By Benjamin Leatherman
By Glenn BurnSilver
By Glenn BurnSilver
By Troy Farah
By Roger Calamaio
By Mark Deming
By Glenn BurnSilver
By Brian Palmer
When Zia Record Exchange's founder Brad Singer died in May, the official word from his family was that "business as usual" would be the order of the day for his empire. After all, by this point, Zia seemed to be such a sturdy, self-sustaining entity that it made little sense to tamper with it. The business has long since been much more than just a record-store chain. It's become a self-contained record-business enterprise with a distribution company, Impact Music, a graphic-art company, CHUD Graphics, and a record label, Epiphany Records, all housed under one roof.
Less than three months after Singer's death, the Zia empire is understandably still in the process of defining its future course, but many close to the company are shaken by the new atmosphere created by Singer's brother, Wayne, who has at least temporarily taken over the operations.
On Friday, July 17, Wayne pulled the plug on Epiphany Records, the record label that his brother had started with the hopes of creating a Tempe-based equivalent to Seattle's Sub Pop. In fairness, this move hardly qualifies as a shock, since Epiphany was never a profitable enterprise, and its direction had long been sustained by Brad Singer's own musical taste and pocketbook.
The curious part about the closing of Epiphany is that Wayne Singer has insisted that Epiphany's three remaining employees--who are all being reassigned within the company--refrain from speaking about the demise of the label, to create the illusion that Epiphany is still an ongoing enterprise. As one employee jokes, "It's kind of like the label with no staff." It's a decoy with dubious value, since the label has been stripped of a budget. Even before July 17, Epiphany employees had in recent months been forced to pay for ads and distribution deals out of their own less-than-deep pockets.
A more surprising change instituted by the new regime was the recent decision to remove Steve Wiley from his position as the general manager of Zia Enterprises, five and a half years after Brad Singer hand-picked him to run the show. Wiley received this bombshell over the phone while he was at the hospital, where his wife was giving birth to their son, Benjamin. Wiley is reluctant to talk about the situation because he's still in the "resolution stages" with Zia, and Wayne Singer refused to answer Soundcheck's questions about this or any other matter related to the company's new direction.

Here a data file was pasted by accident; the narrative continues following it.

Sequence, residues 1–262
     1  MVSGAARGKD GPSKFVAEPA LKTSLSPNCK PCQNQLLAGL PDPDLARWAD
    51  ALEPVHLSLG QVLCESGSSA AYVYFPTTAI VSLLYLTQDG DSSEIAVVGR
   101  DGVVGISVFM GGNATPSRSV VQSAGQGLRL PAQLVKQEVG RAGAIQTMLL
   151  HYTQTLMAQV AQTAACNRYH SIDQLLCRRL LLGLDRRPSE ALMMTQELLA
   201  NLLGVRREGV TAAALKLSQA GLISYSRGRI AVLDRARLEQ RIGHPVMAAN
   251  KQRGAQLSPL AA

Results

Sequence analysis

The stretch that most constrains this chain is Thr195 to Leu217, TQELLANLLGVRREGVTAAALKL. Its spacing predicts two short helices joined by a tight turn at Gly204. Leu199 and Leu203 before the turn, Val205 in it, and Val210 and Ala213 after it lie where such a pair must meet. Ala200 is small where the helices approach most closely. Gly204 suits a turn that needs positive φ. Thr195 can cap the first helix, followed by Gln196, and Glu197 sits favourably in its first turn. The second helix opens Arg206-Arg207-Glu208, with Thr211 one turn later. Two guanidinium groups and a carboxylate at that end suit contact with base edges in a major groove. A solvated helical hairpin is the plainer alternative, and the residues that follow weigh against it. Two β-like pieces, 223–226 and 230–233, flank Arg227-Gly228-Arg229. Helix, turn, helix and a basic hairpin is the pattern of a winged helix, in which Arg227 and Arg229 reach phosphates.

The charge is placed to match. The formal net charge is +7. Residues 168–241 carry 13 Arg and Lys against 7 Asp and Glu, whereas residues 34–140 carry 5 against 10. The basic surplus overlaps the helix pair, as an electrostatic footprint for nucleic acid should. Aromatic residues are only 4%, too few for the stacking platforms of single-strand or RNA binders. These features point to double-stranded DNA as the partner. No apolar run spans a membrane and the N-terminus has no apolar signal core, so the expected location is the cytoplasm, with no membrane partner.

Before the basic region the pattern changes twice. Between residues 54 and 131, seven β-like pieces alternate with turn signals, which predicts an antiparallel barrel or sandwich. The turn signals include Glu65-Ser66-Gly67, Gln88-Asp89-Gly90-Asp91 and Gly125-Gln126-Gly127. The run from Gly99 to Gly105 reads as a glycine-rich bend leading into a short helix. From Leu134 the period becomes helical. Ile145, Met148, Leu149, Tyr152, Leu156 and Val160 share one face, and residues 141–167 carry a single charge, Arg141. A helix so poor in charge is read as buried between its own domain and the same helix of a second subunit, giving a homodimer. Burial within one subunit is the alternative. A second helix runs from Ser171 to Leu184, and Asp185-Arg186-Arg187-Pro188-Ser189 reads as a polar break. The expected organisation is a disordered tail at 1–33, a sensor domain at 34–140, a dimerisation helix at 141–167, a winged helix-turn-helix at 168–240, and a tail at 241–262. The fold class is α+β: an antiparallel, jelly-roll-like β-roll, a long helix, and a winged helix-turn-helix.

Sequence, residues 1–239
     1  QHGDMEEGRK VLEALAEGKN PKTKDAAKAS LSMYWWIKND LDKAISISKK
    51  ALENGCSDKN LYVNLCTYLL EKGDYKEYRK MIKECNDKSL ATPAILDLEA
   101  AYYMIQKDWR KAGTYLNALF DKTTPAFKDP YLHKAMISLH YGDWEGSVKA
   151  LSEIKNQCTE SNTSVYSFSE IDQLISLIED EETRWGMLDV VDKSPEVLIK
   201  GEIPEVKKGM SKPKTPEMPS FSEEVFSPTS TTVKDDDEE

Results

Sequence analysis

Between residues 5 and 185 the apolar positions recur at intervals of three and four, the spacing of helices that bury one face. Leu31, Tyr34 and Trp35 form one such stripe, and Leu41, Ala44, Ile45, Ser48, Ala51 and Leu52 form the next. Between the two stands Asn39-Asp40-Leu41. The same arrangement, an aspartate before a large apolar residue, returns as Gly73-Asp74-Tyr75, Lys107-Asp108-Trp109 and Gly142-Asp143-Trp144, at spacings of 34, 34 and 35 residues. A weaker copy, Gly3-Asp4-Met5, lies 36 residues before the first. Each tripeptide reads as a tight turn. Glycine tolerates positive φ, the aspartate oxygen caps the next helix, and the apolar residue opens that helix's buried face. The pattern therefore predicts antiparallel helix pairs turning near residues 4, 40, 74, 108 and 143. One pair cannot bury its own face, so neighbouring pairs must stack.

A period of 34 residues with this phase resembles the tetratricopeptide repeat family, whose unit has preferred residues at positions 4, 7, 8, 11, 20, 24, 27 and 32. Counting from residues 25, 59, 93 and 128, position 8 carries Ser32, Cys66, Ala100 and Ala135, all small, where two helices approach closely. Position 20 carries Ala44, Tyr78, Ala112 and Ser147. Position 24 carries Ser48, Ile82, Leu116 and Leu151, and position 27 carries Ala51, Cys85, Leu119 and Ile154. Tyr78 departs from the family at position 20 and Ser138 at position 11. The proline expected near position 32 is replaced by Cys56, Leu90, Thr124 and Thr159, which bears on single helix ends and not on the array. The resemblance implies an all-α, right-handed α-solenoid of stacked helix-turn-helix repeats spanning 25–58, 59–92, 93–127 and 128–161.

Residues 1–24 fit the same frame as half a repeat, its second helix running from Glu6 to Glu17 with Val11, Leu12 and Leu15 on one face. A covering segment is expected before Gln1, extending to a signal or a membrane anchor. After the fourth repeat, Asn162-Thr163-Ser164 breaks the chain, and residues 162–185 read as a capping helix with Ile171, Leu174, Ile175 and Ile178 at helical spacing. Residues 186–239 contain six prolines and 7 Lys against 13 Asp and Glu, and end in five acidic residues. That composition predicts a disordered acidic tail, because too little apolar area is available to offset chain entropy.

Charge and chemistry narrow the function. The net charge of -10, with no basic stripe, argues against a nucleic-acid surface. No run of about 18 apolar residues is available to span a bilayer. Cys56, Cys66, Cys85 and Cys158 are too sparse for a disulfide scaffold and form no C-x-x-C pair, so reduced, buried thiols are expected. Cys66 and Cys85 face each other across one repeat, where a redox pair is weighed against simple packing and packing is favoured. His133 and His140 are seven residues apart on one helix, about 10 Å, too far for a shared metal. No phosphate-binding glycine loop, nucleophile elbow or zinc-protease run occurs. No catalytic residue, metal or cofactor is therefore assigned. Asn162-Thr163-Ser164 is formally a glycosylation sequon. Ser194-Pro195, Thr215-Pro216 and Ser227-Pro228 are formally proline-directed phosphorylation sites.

The timing of Wiley's removal from his position, the recent departure of other loyal staffers, and the veil of secrecy over the company's actions strikes more than a few people as a strange transformation from the casual, irreverent vibe that Brad Singer created at his workplace.
"Everyone was always so friendly over there, but everyone's all weirded out now," says an ex-employee who remains close to many Zia staffers. "I think no one really feels comfortable anymore; it doesn't seem like people feel happy there."
The low morale owes a lot to widespread concerns by employees that their jobs might be next on the chopping block. The company is cutting its advertising budget to such a degree that many think it will mean the end for CHUD Graphics, whose primary function is to create ads. Wayne Singer has already closed Zia's record store on the Arizona State campus, and some contend that one of the company's Tucson stores might be next.
Ultimately, insiders say the changes cut deeper than company cutbacks and personnel changes. They say that in an amazingly short time, the spirit of the company Brad Singer created has been lost. As the ex-employee says, citing the treatment of Wiley, "That's exemplary of what's happening now that sucks. That would have never happened under Brad."
Nita's Fallout: Anyone who attended Nita's final night on July 12 knows that it veered from eulogy to pure celebration to auto-destruct anarchy. When Nita's owner Nita Craddock came in the next day to survey the club she'd recently sold to a three-person collective who've renamed it The Heat, she says she was heartbroken. Chairs, barstools and signs were taken, ceiling tiles were strewn about the bar, and the whole place looked a bit like a nuclear casualty. Craddock says the fallout resulted in $5,000 worth of damage and loss for her.
Despite her disappointment and shock at the state of Nita's after it closed, Craddock does say that she genuinely wants to thank her loyal customers over the past 23 years, but she has a problem with the way they expressed their love. "If they'd hated the place, what would they have done to it?" she asks.
Although she wasn't there to see it happen, perhaps the best explanation for Nita's Hideaway's wild, cathartic last night comes from Craddock herself, who equates it with "tearing down the goal posts after you win the game." Actually, maybe it was more like tearing down the goal posts so that no one can ever play a game there again.
Mojo Rising: The Rhythm Room's July 23 benefit for Henry "Mojo" Thompson was just the latest example of how the local blues community unites to help one of its own. Thompson, one of the great unrecognized talents on the local music scene, first made his mark in the Valley four decades ago as a member of the revered vocal group The Tads. But he was recently hospitalized for diabetes, and will be forced to enter the hospital again in two weeks for more treatment. The Rhythm Room show was designed to raise money for Thompson's medical expenses and his time off work.